Waste Not Want Not: For The Love of Food event aims to stop waste while feeding the masses

On Sunday, September 8th from 11:30 am to 2:30 pm at Washington Park, For The Love of Food: A Free Foodie Fest will take place. Hosted by the Hamilton County Recycling and Solid Waste District and partner La Soupe, the event will feature activities and demonstrations to delight participants’ senses while teaching them about food waste reduction.


“We’re focused on preventing the wasting of food and educating people on how to creatively use food,” says Jenny Lohmann, program specialist for Hamilton County Recycling and Solid Waste. “Creative cooking, using your leftovers, using your freezer — these are the underlying messages.”


The idea for this event came from Lohmann’s increased sense of urgency after reading a report in 2014 by the National Resources Defense Council entitled Wasted: How America Is Losing Up to 40 Percent of Its Food from Farm to Fork to Landfill. Additionally, the following year, the EPA and USDA announced a national goal of reducing food waste 50% by the year 2030. According to Lohmann, the proposed goal was not supported by any funding, leaving local, grassroots efforts to take the lead in their respective communities.


One major draw of For The Love of Food is that attendees will be fed delicious meals created before their eyes using ingredients Lohmann calls “surplus foods.”


“About 22% of our landfill use, nationwide, is food. One of the reasons food is wasted is because it doesn’t look beautiful — what people call ugly foods, or what farmers call seconds. On the verge produce — we call that surplus food,” she explains.


“La Soupe will be there cooking and serving paella, or stone soup,” continues Lohmann. Paella is a traditional Spanish dish made with rice, beans, and other on-hand ingredients. “Whatever surplus produce they get that week, they’re going to add that."


Kroger, buoying its mission of eliminating the use of plastic bags in stores by 2025, is providing 500 reusable shopping bags that will be filled with groceries for event participants to take home free of charge. Attendees will be given a passport to guide them through different activities as a qualification for receiving these goods. Sandwich boards featuring anti-food waste messages will inform participants with fun facts while directing them through the various passport stations.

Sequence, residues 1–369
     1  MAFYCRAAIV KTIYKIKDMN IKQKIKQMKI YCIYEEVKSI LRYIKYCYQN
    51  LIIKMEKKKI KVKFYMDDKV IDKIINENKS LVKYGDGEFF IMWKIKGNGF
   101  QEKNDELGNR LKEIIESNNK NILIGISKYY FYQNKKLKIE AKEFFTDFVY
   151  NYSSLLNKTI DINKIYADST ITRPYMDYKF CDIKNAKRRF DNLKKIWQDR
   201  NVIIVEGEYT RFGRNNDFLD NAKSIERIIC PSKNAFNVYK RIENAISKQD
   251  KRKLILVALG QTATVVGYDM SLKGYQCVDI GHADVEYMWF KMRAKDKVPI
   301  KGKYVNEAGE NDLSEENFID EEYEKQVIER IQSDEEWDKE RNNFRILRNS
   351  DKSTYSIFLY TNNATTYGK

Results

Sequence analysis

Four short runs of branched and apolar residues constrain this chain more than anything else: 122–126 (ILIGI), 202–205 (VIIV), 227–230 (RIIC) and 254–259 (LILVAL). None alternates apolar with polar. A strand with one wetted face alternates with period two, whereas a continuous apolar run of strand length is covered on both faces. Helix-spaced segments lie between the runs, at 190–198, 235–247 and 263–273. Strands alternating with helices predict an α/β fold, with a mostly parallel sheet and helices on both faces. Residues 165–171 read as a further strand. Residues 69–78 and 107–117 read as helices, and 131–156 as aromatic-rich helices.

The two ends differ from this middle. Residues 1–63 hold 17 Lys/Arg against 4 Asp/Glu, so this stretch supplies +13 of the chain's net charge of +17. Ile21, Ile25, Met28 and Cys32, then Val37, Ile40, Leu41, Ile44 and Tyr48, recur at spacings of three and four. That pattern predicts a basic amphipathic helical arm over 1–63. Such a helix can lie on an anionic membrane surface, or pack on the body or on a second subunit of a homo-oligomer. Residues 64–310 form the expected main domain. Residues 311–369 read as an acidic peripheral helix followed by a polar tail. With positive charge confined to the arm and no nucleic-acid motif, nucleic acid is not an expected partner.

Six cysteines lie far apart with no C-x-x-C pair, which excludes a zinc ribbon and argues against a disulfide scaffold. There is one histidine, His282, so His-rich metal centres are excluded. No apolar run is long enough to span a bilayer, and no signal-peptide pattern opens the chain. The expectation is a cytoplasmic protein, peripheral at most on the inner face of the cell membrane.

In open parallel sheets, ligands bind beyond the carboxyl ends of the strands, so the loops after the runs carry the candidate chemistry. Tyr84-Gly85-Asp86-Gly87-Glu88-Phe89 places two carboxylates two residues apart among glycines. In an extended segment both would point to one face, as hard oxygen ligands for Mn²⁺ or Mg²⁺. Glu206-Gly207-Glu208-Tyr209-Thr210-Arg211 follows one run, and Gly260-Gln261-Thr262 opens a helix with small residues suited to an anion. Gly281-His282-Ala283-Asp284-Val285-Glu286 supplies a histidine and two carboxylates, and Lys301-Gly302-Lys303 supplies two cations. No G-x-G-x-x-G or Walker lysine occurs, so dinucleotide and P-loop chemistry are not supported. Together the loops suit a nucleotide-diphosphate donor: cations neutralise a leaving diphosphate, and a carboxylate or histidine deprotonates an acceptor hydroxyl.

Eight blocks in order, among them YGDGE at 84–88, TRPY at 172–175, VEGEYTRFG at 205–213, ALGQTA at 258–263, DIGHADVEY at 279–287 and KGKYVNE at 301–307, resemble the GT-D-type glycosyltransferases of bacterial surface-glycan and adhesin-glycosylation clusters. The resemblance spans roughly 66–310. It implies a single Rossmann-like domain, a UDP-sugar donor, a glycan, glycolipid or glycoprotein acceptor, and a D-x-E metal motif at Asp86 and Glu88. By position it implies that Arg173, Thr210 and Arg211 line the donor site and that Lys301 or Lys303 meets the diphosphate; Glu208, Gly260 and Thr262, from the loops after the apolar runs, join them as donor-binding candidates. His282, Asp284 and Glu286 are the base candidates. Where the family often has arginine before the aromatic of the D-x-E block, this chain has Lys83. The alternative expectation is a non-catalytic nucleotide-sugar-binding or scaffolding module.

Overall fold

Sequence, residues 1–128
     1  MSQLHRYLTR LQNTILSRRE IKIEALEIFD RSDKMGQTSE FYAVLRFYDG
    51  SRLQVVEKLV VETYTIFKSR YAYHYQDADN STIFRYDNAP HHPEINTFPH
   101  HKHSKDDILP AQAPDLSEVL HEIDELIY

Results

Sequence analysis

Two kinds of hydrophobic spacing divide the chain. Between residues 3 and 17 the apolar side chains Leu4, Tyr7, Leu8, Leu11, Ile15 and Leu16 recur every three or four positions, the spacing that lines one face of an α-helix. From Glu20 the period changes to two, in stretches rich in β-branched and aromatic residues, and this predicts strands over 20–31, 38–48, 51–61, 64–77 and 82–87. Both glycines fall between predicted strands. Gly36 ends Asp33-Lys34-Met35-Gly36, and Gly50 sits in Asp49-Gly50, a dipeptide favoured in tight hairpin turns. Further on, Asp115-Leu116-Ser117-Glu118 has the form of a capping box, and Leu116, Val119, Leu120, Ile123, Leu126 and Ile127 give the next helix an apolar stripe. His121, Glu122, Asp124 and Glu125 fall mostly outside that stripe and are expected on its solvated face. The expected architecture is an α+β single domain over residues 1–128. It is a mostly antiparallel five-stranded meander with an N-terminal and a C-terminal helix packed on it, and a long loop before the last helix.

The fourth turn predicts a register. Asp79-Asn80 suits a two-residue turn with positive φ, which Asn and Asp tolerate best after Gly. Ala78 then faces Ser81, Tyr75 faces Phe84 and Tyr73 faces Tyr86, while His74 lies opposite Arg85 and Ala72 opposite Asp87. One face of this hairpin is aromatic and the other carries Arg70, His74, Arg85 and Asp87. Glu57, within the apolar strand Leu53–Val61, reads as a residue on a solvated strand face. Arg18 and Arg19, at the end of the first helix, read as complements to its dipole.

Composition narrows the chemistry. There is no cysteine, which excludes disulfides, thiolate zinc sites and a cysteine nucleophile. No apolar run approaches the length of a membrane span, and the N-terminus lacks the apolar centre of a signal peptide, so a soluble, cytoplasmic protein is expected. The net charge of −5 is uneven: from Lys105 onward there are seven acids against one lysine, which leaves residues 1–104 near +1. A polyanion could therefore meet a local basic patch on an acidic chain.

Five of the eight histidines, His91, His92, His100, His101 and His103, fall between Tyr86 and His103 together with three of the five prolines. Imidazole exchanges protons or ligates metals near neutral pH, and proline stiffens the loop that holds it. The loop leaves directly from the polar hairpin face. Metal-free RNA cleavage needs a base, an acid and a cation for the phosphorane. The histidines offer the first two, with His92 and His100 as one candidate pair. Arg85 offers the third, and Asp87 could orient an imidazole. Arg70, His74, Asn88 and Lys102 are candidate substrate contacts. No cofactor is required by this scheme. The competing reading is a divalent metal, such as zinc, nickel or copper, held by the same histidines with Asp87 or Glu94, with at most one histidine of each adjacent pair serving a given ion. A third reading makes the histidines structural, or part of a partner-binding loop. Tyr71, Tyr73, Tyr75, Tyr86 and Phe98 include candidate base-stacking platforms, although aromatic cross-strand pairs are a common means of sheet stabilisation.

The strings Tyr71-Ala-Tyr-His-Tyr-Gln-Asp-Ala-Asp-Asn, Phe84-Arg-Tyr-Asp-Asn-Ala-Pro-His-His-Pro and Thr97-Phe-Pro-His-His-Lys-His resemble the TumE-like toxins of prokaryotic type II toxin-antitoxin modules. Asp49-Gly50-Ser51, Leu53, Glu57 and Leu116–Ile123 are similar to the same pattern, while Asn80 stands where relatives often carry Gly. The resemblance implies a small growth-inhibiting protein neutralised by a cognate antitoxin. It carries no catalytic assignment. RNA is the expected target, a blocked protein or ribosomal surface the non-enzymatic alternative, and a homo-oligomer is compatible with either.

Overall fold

Other offerings will include salad made with greens donated by 80 Acres — a local, year-round, hydroponic produce grower. The salads will be dressed with vinaigrette made from spent grains salvaged from Mad Tree Brewing Company. Once an hour, salsa-making demonstrations will take place, and Plant Cincinnati of Madisonville plans to grill up sizzling, savory, surplus foods on a doublewide, pull-behind grill as part of the free food giveaway.


Aluminum water bottles will be dispensed to participants who pledge to discontinue their use of disposable plastic bottles. Greater Cincinnati Water Works will supply refilling stations throughout the venue.


Central YMCA is working to recruit volunteers for the event, and will also host an exercise-oriented passport stop with food-themed Zumba and Yoga activities.


Children will receive a special passport to guide them through kid-friendly presentations. Fun activities for kids and others include a Connect Four game and a Produce Petting Zoo.


“People can put their hands in a box to identify produce, and then they might have the opportunity to taste it,” says Lohmann. “There are many people in our community, kids especially, that don’t get an opportunity to see fresh produce in its whole state. This is also to help introduce people to different produce, because that is the number one thing that we waste in our homes.”


Lohmann says the Washington Park location was chosen, in part, for its proximity to neighboring food insecure communities. She expects to see attendees from all walks of life, and promises a good time will be had by all.


“We’ll have a lot of different things to do and offer to many different varieties of people, so you’ll find something that you like,” says Lohmann.


For more information or to volunteer, visit www.hamiltoncountyrecycles.org.

Read more articles by Eliza Bobonick.

Eliza Bobonick is a Cincinnati-based writer and a mother of three. Her work has been featured in such local and regional publications as Cincinnati CityBeat and Kentucky Homes and Gardens Magazine. She is a former musician whose interests include photography and interior design.

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